RAS-Associated Autoimmune Leukoproliferative Disorder (RALD) is a chronic indolent condition that typically presents in childhood with monocytosis, lymphocytosis, autoimmune phenomena, splenomegaly, and variable lymphadenopathy. RALD is characterized by somatic mutations in KRAS or NRAS in hematopoietic cells (myeloid and lymphoid), resulting in missense mutations involving the 12th or 13thcodon. Despite the indolent course of RALD, it shares some overlapping clinical features and similar genetic defects with Juvenile Myelomonocytic Leukemia (JMML), which is characterized by canonical and non-canonical RAS-pathway mutations. All RALD patients have normal bone marrow karyotypes. While patients with JMML often harbor monosomy 7 or other karyotypic abnormalities, normal karyotypes are also not uncommon in JMML. Optimal therapeutic management of RALD and JMML differs significantly, necessitating accurate diagnostic discrimination of RALD and normal karyotype JMML.
Recent JMML studies have characterized the genomic landscape of JMML, which involves additional recurrent mutations that are thought to cooperate with RAS-pathway mutations driving the malignant phenotype of JMML. We sought to evaluate the genomic landscape of RALD for the presence of non-RAS cooperating mutations reported in JMML.
Using targeted sequencing for 54 genes associated with myeloid malignancies, amplicon libraries were constructed from peripheral blood mononuclear cells (PBMCs) collected from 11 patients diagnosed with RALD (6 with previously identified KRAS and 5 with previously identified NRAS mutations) and sequenced with an average read depth of ~3000x. Variants were identified using the Illumina miSeq reporter software and analyzed using Illumina Variant Studio. Variants were filtered based SIFT, PolyPhen, and CADD predictions, ClinVar annotations, and mutations previously identified in JMML. Over 90% of the mutated genes reported in JMML sequencing reports, were evaluated (including KRAS, NRAS, CBL, PTPN11, SH2B3, SETBP1, GATA2, RUNX1, ASXL1, EZH2, DNMT3A, and ZRSR2). Of note, only the KRAS or NRAS mutations, initially identified from Sanger sequencing, were identified as disease-contributing and no other known pathogenic mutations were detected in the RALD cohort. Variant allele frequencies (VAFs) of KRAS and NRAS mutations in RALD ranged from 32.3%-50.8% with a median VAF of 46.6%. In order to further investigate genes not included in the targeted sequencing panel that may be contributing to disease, whole exome sequencing (WES) was performed on PBMCs from 7 RALD patients (4 KRAS patients, 3 NRAS patients). Despite the expanded genomic sequencing in WES (mean coverage of 225x), only the single pathogenic KRAS or NRAS mutation, known to be disease-related, was identified. No other mutations that were previously identified in JMML were detected in the WES data set. Based on presence of autoimmune phenomena in RALD, a multiplex inflammatory cytokine immunoassay investigating GM-CSF, IFN-γ, IL-1β, IL-2, IL-4, IL-6, IL-8, IL-10, and IL-12p70 was used to quantify cytokine levels in the plasma of 9 RALD patients and 17 healthy volunteers. The levels of IL-2, IL-6, and IL-10 were found significantly increased in RALD patients. IL-2 was 4.6 fold higher in RALD than controls (median 0.696 pg/mL vs. 0.149 pg/mL; p=0.049). Similarly, IL-6 was 10 fold higher in RALD than controls (median 6.42 pg/mL vs. 0.63 pg/mL; p=0.035), and IL-10 was 18 fold higher in RALD than controls (median 26.9 pg/mL vs. 1.49 pg/mL; p=0.018).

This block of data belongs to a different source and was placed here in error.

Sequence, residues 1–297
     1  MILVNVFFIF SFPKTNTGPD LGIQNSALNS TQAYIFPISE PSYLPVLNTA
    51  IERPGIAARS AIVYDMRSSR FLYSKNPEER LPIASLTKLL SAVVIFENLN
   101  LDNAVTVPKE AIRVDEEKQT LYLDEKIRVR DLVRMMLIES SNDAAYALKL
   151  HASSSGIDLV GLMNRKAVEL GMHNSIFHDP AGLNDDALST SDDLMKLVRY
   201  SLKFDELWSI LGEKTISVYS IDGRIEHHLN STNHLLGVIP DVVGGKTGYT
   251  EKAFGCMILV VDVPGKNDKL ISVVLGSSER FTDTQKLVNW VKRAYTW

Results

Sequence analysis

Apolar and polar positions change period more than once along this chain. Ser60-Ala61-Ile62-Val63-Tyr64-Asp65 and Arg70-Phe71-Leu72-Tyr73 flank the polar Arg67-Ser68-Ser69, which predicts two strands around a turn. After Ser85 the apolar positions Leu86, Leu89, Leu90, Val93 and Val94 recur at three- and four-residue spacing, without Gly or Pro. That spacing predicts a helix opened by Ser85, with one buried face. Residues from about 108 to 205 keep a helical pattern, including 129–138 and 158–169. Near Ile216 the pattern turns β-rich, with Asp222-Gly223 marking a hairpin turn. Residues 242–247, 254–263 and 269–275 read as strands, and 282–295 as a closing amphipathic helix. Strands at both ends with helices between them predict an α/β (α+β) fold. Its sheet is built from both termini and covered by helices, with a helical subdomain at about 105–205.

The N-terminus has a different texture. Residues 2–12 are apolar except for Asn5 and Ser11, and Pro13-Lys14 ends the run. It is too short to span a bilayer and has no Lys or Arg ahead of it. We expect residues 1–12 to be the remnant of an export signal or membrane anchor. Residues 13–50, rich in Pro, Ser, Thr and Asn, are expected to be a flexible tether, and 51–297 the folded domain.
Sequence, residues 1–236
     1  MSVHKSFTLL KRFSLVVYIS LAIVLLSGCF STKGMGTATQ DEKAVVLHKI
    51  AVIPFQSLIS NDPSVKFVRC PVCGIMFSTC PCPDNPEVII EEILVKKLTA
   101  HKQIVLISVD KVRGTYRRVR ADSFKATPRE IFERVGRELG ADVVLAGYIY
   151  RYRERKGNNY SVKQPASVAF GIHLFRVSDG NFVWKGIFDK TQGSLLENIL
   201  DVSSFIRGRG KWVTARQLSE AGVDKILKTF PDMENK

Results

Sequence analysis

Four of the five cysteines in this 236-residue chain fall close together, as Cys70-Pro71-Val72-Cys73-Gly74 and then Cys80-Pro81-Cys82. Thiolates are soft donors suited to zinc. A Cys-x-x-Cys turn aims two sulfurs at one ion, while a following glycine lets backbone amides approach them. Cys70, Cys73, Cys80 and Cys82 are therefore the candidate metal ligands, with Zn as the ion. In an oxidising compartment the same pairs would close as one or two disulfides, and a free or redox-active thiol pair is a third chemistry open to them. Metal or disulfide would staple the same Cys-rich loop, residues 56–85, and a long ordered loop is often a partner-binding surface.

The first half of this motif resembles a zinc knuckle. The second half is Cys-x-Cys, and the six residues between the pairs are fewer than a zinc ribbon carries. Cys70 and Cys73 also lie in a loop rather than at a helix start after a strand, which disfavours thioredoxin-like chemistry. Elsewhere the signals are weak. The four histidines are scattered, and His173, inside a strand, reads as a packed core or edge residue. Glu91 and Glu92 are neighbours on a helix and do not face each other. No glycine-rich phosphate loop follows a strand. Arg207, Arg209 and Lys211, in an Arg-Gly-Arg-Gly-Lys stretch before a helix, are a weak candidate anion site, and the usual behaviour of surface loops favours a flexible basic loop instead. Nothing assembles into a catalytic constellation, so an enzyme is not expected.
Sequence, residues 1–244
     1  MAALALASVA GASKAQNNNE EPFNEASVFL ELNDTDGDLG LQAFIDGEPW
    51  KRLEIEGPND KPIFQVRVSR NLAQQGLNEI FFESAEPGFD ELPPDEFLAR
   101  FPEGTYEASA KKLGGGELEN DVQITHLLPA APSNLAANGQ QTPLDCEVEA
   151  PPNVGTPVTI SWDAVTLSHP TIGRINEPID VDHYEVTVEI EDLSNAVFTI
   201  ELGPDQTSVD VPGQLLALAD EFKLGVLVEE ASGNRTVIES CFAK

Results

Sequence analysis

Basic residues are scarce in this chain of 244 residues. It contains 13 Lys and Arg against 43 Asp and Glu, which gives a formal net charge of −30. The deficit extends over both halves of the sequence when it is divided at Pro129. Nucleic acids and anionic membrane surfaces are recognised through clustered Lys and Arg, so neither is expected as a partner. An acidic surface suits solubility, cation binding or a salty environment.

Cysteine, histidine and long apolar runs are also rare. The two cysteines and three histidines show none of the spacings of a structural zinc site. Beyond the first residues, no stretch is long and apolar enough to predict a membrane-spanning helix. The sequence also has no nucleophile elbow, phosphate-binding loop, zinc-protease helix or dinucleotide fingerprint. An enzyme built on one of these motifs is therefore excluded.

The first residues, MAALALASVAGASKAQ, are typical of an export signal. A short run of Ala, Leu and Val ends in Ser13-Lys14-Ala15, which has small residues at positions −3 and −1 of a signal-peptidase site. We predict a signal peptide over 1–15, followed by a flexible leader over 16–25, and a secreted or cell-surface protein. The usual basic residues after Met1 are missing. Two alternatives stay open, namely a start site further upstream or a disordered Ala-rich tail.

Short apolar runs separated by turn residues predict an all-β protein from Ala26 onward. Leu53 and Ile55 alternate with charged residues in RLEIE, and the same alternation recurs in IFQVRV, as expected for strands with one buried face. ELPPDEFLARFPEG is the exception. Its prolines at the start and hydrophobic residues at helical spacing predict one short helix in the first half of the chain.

Overall, these findings provide evidence that RALD, in our patient cohort with an indolent clinical course, is characterized by single somatic KRAS or NRAS mutations with the absence of cytogenetic abnormalities and cooperating mutations that are associated with malignancy. This suggests that in the spectrum of so-called RASopathies, RALD represents a non-malignant proliferative hematopoietic disease that is clinically distinct from JMML. The altered plasma cytokine profile in RALD may play a role in the autoimmune features of the disease and be related to sustained activation of the RAS pathway in hematopoietic cells. Further investigation is imperative to distinguish these two overlapping entities characterized by RAS pathway mutations, and to better understand the spectrum of disease from indolence to aggressive malignancy.
No relevant conflicts of interest to declare.
Asterisk with author names denotes non-ASH members.